Kelly concurred. "These data provide a new perspective on interpreting risk factors for alcohol use and could inform prevention and intervention strategies in the future," he said. "These data suggest that risk factors associated with early experimentation and occasional use of alcohol and drugs may be different from those associated with the development of escalating patterns of use leading to problems, with individuals demonstrating characteristics of impulsivity and negative emotionality being at increased risk for developing patterns of heavy use. Parents should keep in mind, however, that while risk factors provide statistical prediction, they have limited predictive utility at the clinical case level. Personality is only a subset of factors that can influence the trajectories of alcohol use."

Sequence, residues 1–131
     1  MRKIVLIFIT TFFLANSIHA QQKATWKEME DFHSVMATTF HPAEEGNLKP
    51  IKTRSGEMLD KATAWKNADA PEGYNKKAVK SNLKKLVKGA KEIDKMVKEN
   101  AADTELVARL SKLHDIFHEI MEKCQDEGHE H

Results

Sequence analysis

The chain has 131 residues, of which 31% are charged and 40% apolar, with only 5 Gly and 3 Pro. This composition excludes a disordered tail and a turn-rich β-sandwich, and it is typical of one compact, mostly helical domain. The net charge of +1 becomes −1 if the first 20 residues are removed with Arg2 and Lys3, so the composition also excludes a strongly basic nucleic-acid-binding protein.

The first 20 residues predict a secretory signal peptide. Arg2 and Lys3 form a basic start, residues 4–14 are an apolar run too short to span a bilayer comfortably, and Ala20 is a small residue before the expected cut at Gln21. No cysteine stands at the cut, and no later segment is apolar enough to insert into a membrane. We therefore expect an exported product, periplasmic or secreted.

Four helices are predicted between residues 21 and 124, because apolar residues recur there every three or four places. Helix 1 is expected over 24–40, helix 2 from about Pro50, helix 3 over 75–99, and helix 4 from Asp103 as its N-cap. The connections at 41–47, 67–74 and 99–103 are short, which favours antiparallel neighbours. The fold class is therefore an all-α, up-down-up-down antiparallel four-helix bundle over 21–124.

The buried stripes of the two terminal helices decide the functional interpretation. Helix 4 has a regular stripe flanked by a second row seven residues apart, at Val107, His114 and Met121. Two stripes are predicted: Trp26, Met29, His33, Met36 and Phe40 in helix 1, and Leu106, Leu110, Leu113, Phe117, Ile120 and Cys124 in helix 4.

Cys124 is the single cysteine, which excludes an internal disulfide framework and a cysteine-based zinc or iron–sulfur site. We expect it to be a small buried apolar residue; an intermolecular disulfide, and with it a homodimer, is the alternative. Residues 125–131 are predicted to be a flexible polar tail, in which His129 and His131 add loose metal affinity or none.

Alcoholism: Clinical & Experimental Research (ACER) is the official journal of the Research Society on Alcoholism and the International Society for Biomedical Research on Alcoholism. The co-author of the ACER paper, "The Amphetamine Response Moderates the Relationship between Negative Emotionality and Alcohol Use," was Kenneth J.D. Allen of the Department of Psychology at Harvard University. The study was funded by the National Institute on Drug Abuse, and the Department of Defense Congressionally Directed Medical Research Program. This release is supported by the Addiction Technology Transfer Center Network at http://www.